Thursday, July 18, 2024

“both sides of the blade”

THE STORY – A woman’s relationship is upended when her former lover goes into business with her husband.

THE CAST – Juliette Binoche, Vincent Lindon, Grégoire Colin, Hana Magimel, Mati Diop, Bulle Ogier & Issa Perica

THE TEAM – Claire Denis (Director/Writer) & Christine Angot (Writer)​

THE RUNNING TIME – 116 Minutes

​By Dan Bayer

​​​​​​​​​​European Art Films get a bad rap. By reputation, they all involve sad wealthy people moping about in gorgeous locales, having sex while talking about philosophy, and with little to no plot. But so many of them are so much more than that. “Last Year At Marienbad” is a hypnotic dive into how memory can trick us; “Cléo de 5 à 7” is a warmly humanistic story of a woman in limbo waiting on a cancer diagnosis; “Amour” is a chilling look at what happens to our bodies and minds as we age and lose those closest to us. Claire Denis is a master filmmaker whose own films have often put the lie to these criticisms, but her latest, “Both Sides Of The Blade,” (which just recently screened at New York’s Rendez-Vous with French Cinema as the Opening Night film) is the kind of film that proves them right.

Sara (Juliette Binoche) and Jean (Vincent Lindon) have a complicated history but are currently married and seemingly very much in love. Jean’s mixed-race son (Issa Perica) from a prior relationship lives in the custody of Jean’s mother (Bulle Ogler) in the Parisian suburb of Vitry and is going through a typical teenage phase of acting out. One day, on her way to work as a radio presenter, Sara sees her ex François (Grégoire Colin) and is overcome with emotion. Unbeknownst to her, François, who is that aforementioned complicated history between Sara and Jean, is opening a sports agency and has reached out to former rugby player Jean about going into business with him. This reappearance of François wreaks havoc on both Sara and Jean individually, as well as on their relationship. Sara freely admits to Jean that she still loves François and always will, on some level, openly flirting with François in front of everyone. Jean dodges her questions about the new business and starts staying out late. The two stop communicating and suffer for it.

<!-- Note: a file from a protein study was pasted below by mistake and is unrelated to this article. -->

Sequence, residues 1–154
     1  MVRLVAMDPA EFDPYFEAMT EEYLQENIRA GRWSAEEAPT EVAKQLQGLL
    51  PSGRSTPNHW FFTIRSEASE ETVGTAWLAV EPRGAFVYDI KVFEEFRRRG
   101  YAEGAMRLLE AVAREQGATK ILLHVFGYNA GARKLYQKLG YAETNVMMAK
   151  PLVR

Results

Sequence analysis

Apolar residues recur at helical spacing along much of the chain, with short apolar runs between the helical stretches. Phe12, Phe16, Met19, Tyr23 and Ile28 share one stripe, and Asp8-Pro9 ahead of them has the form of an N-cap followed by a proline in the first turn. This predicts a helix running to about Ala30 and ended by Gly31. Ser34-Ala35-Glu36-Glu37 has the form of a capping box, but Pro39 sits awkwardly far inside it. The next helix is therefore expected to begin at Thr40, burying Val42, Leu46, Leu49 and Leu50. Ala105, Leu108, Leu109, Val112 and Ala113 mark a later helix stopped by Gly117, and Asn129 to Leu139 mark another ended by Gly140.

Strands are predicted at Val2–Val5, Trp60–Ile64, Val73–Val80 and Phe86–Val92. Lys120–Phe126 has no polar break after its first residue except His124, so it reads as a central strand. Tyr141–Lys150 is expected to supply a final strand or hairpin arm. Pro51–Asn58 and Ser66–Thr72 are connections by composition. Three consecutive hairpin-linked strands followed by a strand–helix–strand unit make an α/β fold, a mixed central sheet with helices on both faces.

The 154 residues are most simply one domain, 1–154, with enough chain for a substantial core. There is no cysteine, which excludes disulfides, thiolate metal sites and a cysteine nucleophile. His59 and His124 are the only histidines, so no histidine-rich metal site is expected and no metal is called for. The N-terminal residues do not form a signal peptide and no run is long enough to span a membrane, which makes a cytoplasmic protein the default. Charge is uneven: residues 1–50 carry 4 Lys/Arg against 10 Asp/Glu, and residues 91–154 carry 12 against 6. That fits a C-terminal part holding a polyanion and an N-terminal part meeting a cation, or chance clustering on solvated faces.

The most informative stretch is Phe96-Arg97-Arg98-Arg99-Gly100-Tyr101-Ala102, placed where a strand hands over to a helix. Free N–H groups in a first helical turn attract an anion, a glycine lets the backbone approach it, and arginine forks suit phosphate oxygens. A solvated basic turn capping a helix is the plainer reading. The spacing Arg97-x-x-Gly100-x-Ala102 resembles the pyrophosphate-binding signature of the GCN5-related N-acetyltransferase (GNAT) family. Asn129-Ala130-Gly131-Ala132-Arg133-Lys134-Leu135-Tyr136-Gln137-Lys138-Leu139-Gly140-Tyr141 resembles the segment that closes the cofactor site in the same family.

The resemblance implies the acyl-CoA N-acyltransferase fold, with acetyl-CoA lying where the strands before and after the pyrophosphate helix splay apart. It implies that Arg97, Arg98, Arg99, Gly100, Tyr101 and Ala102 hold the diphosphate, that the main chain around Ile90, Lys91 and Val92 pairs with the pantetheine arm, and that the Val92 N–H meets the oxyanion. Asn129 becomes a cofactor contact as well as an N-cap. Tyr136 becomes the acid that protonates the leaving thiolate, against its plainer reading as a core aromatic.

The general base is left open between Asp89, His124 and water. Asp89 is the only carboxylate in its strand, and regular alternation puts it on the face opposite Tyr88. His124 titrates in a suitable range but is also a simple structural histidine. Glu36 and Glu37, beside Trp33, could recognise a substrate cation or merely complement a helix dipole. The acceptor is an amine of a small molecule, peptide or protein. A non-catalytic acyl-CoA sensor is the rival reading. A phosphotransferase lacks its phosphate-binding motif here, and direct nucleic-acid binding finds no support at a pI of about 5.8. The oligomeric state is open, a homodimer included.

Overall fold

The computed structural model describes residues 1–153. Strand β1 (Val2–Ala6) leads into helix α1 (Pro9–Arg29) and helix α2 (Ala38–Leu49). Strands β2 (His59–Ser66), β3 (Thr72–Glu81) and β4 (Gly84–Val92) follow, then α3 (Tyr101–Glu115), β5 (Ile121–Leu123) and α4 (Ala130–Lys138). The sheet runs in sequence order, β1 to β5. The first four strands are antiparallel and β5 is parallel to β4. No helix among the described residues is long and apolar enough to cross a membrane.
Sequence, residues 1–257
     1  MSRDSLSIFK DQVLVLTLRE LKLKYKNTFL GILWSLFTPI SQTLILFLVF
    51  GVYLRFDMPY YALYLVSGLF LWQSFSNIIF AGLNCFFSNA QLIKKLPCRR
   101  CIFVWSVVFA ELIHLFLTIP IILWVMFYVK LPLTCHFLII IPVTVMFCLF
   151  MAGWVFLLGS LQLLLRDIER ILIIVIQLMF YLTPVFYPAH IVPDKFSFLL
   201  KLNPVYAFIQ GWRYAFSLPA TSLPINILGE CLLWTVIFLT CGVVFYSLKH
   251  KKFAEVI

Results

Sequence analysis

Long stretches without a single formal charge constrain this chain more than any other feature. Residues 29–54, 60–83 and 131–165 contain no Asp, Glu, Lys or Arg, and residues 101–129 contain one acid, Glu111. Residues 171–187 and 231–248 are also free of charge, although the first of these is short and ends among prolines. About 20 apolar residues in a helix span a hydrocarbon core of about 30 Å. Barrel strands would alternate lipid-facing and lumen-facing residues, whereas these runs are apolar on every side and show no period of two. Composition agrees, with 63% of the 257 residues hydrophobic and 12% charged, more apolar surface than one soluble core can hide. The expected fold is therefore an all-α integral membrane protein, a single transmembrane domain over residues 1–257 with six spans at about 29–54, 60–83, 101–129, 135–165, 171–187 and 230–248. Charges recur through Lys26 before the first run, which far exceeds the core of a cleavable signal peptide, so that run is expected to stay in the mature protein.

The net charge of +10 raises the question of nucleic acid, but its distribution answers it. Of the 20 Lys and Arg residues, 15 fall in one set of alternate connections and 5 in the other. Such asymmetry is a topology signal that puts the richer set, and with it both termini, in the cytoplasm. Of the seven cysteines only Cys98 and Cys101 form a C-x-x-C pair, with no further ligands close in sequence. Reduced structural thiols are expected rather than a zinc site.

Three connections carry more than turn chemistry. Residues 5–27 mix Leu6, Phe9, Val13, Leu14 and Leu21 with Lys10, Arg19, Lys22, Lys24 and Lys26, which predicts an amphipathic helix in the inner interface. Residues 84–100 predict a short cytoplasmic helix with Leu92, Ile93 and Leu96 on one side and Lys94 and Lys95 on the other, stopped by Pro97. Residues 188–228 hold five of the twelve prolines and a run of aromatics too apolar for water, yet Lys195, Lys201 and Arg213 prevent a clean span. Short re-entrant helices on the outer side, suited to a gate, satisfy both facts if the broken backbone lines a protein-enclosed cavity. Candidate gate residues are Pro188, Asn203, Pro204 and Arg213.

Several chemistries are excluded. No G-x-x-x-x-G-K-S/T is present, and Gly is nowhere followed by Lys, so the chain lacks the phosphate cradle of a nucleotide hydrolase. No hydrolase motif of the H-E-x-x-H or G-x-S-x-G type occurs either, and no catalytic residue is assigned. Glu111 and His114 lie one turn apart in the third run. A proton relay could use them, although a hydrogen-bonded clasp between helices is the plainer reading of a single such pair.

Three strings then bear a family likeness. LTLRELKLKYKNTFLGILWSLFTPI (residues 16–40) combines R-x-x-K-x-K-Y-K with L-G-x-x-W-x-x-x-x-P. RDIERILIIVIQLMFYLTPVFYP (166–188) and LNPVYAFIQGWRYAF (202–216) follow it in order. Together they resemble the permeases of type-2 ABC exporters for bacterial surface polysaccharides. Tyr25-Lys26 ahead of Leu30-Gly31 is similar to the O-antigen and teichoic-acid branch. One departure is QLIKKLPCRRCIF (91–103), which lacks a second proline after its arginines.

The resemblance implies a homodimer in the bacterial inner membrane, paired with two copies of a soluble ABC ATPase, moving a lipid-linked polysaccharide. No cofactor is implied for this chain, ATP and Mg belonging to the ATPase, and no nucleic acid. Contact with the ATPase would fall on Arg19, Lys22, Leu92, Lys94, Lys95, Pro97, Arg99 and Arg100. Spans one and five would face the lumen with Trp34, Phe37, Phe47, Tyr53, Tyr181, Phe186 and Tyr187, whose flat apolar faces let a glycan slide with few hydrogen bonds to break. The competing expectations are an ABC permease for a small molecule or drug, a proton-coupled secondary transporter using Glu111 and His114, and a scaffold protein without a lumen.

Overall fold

In the opening act, “Both Sides Of The Blade” is styled like a melodrama. Jean and Sara are blissfully happy at the beach, smiling, swimming, and kissing in the golden sunlight. Then Sara sees Jean, and the score by Tindersticks goes into overdrive to match Binoche’s outsized gestures. After this, as the love triangle emerges and gets more complex, the film becomes heavy with portent as DP Eric Gautier separates Binoche and Lindon more and more, and the score emphasizes the cinematography’s increasingly prominent shadows. Denis stretches this atmosphere until it snaps, with Sara and Jean erupting into a series of increasingly loud, increasingly physical arguments in the film’s last act. It’s melodramatic, for sure, but good melodrama always has its roots in honest emotion, no matter how heightened, and “Both Sides Of The Blade” doesn’t feel very honest at all. Sara and Jean have been together for about a decade and have been through hell and back already. Yet after the first couple of scenes, they suddenly lose whatever connection they had, rarely talking to each other and barely telling the truth when they do. There’s something to the idea of François as a destabilizing force, but the filmmaking never seems to support this. Instead, the film primarily emphasizes Sara and how being close to two men she loves (one of whom she left for the other) is causing her to come undone.

Granted, when you have Juliette Binoche as the lead in your film, you’ll probably want to focus on her as much as possible. Binoche is one of our most perceptive performers, able to distill a character’s conflicting emotions and agendas down to a simple glance. She is absolutely ravishing here, summoning all of her charisma and talent to make Sara feel like a real person and not the idea of modern womanhood that she is in the script. Lindon matches her beat for beat, letting his capacity for underplaying serve the film’s first half until his volcanic rage takes over. The two are at their best when getting into an argument, flinging long-held resentments at each other while grabbing for new ones to replace them. The problem is that these scenes come at the end of the film, long after both characters have lost any sympathy and interest. 

By this point, Sara and Jean feel less like people than they do exercises for the actors playing them, almost completely divorced from any notion of how people actually speak or act in the world. Sure, it’s one hell of an acting exercise, but it makes the film feel empty – just two miserable affluent people moping around a beautiful Parisian apartment, alternately having sex and speaking in opaque, effortfully artful dialogue. This results in a deeply unpleasant film to watch, and not in a way that feels purposeful. Despite the two white-hot performances at its center, “Both Sides Of The Blade” will leave you cold.


THE GOOD – Juliette Binoche and Vincent Lindon have fantastic chemistry and give incredible performances.

THE BAD – The screenplay is a maddening mishmash of relationship-in-trouble tropes with the worst kind of circular, opaque Art Film dialogue.



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Dan Bayer
Dan Bayer
Performer since birth, tap dancer since the age of 10. Life-long book, film and theatre lover.

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